I agree with Peter, most of the ER "imperial" collets I've seen are in fact re-badged metric that cover the size. Easy to tell, if it is a genuine 1/2" ER it will not accept anything larger. If you can get a 13mm drill in it then it is a remarked metric and with a 12mm cutter is right at the edge of its capability. I always use the smallest collet rather than the larger one, ie for a 12mm cutter I use the 11-12mm collet not the 12-13mm one.
Although this won't be applicable to your case a couple of issues that I have witnessed with ER systems might be of interest to others using them. A friend complained that his cutter was slipping all the time with these "bl**dy" ER things that I had recommended. When I went to look he was not engaging the closing nut into the extraction slot of the collet before fitting the cutter. The very thin extraction ring in the nut was trying to exert all the closing force and the front taper was not even in contact with the collet. My Vertex system won't even assemble in this manner but his ???? did as it had a much longer thread on the nut. Another "friend of a friend" had a problem after he had been cutting aluminium and although he had cleaned the collet it wouldn't grip a cutter to cut steel. He had made an excellent job of cleaning the outside and inside bore of the collet but had managed to leave a lot of aluminium in the collet slots and they couldn't close as they should. I keep bits of old credit cards to clean mine out before I put them back in the box. The last experience was a colleague who insisted on using them completly dry all the time as "oil would make them slip". After showing me a "clapped out" collet that slipped as soon as it was shown the job he was amazed that after a careful clean and a touch of oil on the outer surface of the collet and on the front taper and closing nut it worked much better. Not perfect this one as the collet had a fair number of burrs on the outer taper that needed stoning off (thrown into a box!) and these had marked the internal taper on the chuck as well, but simple lubrication in the right place gave a fair improvement in its holding power.
A more subtle issue I've had myself was when I bought a new closing nut as I had "monstered" the original nut slots by using the wrong spanner - "not me gov, must be the bloody night shift". Anyway I had my first slip with this new setup and faith was shaken as I don't push them too hard now that I have to pay for them myself. Turned out to be the nut extraction ring was contacting the edge of the collet extraction slot before the front taper contacted the collet. The result was much like my friend who was not assembling them correctly and a new nut from a different supplier returned things to normal. I haven't heard of this anywhere else so believe that I just got one that "slipped through".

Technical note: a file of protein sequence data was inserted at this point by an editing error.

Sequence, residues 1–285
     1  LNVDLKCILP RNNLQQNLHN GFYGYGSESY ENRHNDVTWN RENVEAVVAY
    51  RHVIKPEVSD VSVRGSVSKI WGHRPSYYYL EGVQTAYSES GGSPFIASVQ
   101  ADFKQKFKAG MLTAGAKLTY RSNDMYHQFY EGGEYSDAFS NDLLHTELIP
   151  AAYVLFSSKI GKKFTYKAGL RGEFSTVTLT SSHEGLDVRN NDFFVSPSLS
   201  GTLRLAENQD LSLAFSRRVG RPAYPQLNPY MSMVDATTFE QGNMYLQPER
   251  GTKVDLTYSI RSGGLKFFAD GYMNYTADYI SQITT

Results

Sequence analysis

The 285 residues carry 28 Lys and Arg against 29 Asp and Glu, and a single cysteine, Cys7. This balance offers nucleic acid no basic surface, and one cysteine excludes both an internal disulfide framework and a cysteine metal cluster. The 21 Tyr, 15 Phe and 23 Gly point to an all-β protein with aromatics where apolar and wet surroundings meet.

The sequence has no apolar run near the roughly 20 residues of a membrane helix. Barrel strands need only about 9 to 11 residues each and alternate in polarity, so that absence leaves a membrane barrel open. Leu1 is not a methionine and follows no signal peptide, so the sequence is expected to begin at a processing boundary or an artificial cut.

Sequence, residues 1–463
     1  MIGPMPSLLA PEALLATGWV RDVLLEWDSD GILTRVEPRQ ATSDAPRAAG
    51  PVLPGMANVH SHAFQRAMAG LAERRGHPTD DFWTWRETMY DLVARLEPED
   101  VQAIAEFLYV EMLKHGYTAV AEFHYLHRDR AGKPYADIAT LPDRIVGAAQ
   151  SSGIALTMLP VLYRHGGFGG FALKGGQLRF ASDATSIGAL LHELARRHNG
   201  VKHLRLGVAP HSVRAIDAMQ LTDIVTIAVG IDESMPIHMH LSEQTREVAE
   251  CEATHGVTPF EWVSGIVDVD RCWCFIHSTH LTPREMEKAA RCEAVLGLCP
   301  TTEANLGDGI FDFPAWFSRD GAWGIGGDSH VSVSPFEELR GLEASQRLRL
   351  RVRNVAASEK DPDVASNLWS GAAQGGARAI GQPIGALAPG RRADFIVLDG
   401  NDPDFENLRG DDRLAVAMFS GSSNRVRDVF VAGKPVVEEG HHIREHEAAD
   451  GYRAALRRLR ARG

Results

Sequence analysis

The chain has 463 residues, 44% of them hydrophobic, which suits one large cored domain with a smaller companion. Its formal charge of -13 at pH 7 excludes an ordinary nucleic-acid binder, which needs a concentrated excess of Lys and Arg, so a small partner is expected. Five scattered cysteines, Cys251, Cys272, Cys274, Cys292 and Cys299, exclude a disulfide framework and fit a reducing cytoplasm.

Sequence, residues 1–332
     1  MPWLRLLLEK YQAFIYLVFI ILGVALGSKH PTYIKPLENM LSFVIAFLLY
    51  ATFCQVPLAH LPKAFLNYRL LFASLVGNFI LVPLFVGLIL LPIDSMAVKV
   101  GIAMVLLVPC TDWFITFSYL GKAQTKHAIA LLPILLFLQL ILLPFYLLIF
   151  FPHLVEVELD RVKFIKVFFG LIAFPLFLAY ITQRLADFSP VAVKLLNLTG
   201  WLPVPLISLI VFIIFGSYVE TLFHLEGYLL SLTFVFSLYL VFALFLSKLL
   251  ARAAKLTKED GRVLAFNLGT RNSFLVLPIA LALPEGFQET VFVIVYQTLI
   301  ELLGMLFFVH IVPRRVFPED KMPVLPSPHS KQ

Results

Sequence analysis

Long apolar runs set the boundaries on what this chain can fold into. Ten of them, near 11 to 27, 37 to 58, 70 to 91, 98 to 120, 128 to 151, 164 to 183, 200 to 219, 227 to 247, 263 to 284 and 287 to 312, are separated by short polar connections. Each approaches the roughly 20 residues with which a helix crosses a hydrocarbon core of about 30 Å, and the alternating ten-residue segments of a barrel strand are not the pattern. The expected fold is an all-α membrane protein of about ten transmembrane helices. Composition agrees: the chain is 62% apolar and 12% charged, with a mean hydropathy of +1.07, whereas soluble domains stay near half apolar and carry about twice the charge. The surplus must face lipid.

I have to say that we used ER collets at work with very few problems despite some fairly heavy use. As I've already mentioned we always used the smallest collet that would take the cutter and only used the extremes of their holding range to hold drills etc, something they did very well. We never used Weldon type cutters.
Best regards
Keith
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I must admit that I do tend to push things to the limit just a tad at times but I haven't had any problems with ER32's Don't take any undue care with them but I do tighten in a jig that's bolted to the end of the bed and use a piece of tube on the spanner.
Not a big believer in Weldon tooling as if you have to weld it it's going too far.
. -- Regards,
John Stevenson Nottingham, England.
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Robbus wrote:

If the nominal size of a collet is 12 mm, its range is 11 .. 12mm. Do *never* go above the range. A 12mm collet can *not* hold a 12.7mm end mill. You need a 13mm collet for that.
Nick
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No worry, unless you are built like Mad Mountain Dean you won't get a 12.7 into a 12.0. The nut will prevent it opening above 12.1 max. -- Regards,
John Stevenson Nottingham, England.
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Yep, with a bit of huffing, puffing and cussing I did get a 13mm endmill in to the 1/2" collet, but there was no way I could do the nut up on the chuck, which was pretty annoying, about 15 annoying having to buy a 13mm collet just to use the one cutter.
Cheers, Rob